There’s a ‘joke’ going round that goes like this:
How do you know when someone is vegan?
Don’t worry, they’ll soon tell you!
It always gets a laugh from nonvegans. Yesterday, it was recited to me by someone who had to raise their own laugh. I have heard it so often, I scarcely react, but once again it occurred to me just how carefully we vegans tread in this nonvegan world. We navigate our cautious way through the sea of blue touchpapers that one simply has to brush lightly against to uncover hostile justification of humanity’s most sickening atrocities.
Do we tread so carefully because our cause lacks truth or because we lack conviction? No, in fact I believe the reverse is true. Most vegans are utterly honest, having started by facing the lies they were fed from the cradle, having challenged their entire philosophy of life, having admitted to themselves that they were participants in an outrage of epic proportions against fellow sentient beings and finally having consciously decided to live true to their values.
It is my experience that most vegans must exercise considerable self control. In a similar way to how nonvegans have become utterly disconnected with the bloodbath they are causing, vegans must disconnect from those people they meet in their everyday lives who are not vegan. When surrounded by casual cruelty, people laughing over the bloodied corpses of sweet and helpless creatures, chatting cheerfully as they consume the eggs or milk of tortured slaves whose reproductive processes have been abused and exploited, maternal instincts trashed and mocked, and their pitiful existences spent in fear and misery, it is vital to disconnect to an extent or our entire lives would be spent in heart-rending grief.
This casual horror is particularly hurtful when it involves nonvegans who are friends or family. Although we may love them, we cannot love what they do and for almost all vegans, it is our fervent hope that someday we may draw aside the veil of their wilful blindness about the awful consequences of their actions and have them share our values.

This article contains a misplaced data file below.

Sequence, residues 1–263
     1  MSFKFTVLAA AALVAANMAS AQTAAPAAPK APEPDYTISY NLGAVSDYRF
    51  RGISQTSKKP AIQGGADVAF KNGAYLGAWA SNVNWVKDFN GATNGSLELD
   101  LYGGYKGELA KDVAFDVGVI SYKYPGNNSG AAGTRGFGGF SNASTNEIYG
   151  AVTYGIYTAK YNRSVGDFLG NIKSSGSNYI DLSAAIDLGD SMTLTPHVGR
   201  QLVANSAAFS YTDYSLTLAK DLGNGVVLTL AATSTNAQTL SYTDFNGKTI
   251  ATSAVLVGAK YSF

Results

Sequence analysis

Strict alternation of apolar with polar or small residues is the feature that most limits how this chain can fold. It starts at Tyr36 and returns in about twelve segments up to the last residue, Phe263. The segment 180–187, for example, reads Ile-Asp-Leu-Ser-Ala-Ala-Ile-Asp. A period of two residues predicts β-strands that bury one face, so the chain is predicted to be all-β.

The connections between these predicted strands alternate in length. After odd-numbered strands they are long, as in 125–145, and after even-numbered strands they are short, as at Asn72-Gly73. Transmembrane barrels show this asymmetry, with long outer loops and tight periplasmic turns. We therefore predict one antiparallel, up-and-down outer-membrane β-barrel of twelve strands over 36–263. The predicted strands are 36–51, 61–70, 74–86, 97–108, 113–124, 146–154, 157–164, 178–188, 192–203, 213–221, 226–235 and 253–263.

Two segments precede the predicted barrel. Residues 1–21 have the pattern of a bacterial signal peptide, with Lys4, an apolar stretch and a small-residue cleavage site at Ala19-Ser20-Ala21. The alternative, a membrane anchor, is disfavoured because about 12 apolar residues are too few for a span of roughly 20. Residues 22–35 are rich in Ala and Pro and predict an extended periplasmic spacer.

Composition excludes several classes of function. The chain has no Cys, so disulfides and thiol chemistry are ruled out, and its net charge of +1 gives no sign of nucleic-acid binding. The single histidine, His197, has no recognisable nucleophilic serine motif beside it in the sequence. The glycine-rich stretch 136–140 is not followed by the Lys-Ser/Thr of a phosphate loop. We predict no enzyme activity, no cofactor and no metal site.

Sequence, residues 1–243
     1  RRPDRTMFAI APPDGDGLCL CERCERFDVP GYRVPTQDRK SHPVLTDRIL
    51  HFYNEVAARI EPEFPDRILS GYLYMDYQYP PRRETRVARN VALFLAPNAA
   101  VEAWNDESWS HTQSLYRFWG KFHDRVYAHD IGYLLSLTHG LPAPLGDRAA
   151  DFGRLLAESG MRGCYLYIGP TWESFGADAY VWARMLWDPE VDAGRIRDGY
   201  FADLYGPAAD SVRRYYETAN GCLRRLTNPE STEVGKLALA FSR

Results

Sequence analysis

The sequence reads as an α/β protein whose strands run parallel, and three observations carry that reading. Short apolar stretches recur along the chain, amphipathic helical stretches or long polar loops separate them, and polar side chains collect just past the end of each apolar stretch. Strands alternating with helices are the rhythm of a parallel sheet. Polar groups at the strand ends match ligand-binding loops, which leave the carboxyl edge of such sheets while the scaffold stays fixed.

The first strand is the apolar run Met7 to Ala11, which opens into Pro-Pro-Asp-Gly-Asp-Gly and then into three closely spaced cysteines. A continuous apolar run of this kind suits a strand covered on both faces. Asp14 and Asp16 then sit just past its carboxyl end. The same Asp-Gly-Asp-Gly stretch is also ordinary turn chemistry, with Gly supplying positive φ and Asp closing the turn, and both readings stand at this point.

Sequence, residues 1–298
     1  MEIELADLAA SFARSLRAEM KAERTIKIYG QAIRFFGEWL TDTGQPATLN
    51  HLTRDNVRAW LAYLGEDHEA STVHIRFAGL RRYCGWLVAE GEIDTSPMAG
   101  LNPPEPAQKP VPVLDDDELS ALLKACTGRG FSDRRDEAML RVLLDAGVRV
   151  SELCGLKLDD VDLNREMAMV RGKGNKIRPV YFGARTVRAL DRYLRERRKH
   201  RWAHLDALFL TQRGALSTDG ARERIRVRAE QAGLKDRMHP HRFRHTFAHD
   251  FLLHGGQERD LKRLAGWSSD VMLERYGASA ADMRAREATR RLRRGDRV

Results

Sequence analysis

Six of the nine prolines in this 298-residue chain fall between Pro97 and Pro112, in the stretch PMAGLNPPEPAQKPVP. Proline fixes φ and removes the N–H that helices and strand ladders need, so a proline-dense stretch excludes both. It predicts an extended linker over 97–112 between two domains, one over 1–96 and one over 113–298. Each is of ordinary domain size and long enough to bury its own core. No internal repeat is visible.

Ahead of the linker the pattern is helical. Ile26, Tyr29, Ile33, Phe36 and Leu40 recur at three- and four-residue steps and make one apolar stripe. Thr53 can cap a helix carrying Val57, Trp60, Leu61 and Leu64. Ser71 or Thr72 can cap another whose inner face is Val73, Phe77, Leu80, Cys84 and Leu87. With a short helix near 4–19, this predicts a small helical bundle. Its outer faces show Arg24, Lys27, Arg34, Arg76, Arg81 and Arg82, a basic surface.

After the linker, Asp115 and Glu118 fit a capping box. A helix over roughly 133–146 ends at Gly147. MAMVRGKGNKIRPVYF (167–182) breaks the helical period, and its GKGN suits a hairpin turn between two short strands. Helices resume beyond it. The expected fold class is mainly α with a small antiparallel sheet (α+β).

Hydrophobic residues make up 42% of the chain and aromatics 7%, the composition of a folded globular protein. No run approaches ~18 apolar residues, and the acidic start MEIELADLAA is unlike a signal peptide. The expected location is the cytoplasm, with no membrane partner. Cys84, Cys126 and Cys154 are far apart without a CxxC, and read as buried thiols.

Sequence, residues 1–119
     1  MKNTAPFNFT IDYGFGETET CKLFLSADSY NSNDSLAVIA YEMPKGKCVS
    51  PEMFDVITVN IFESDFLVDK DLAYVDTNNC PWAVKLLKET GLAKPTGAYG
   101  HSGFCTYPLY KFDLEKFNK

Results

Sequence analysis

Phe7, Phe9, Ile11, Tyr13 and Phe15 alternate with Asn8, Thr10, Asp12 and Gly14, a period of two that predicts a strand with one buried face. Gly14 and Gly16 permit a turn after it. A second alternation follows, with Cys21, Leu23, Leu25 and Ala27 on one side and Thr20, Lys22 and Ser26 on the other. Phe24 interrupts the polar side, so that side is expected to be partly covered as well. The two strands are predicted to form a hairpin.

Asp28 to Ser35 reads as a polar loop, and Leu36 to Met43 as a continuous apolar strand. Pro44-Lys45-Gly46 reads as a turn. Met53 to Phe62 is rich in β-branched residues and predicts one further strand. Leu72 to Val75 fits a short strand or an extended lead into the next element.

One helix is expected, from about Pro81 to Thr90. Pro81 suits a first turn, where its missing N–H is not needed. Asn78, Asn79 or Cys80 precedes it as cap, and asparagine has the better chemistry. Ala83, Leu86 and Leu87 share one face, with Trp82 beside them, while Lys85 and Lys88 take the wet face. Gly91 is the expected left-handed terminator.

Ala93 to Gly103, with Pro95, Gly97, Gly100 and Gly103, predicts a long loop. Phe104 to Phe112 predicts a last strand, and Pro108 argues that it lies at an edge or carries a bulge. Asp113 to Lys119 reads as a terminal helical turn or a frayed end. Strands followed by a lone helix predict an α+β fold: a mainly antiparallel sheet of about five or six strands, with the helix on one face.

We tread warily however, having discovered that where once we hoped for interest, eagerness for information, and a sharing of our values, we now expect to meet mainly defensive hostility and a predictable and unoriginal range of excuses in support of the indefensible. We walk softly so as not to completely alienate those whom we still hope to reach, someday.
So yes, I’m vegan
How do you know when someone is vegan? Well I’m guilty as charged. I will soon tell you. But the real reason is probably not the one that the ‘joking’ nonvegan finds so amusing.
When we meet others. even in the most casual of circumstances, we share information about ourselves, glean information about those whom we meet. Through this sharing, we find common interests, experiences and outlooks and we subconsciously assess the nature of any future relationship we may have with them or reaffirm our existing bonds. If I were to list the things that I consider are important about me and my experience in life I will tell you that I’m vegan because it’s the main thing there is to know about me. It sums up my values and all the lessons life has taught me. Veganism has become synonymous with who I am as a person and to tell you that I am vegan is baring my soul.
So if you are not vegan, the next time you hear that someone is, please hold back on the hilarity for a moment and consider the sincerity that underlies their words. Consider how this word ‘vegan’ can describe the most important thing there is to know about another person and give serious thought to looking into it further. You may find you have more common ground than you thought.
See http://vegankit.com/ for more information.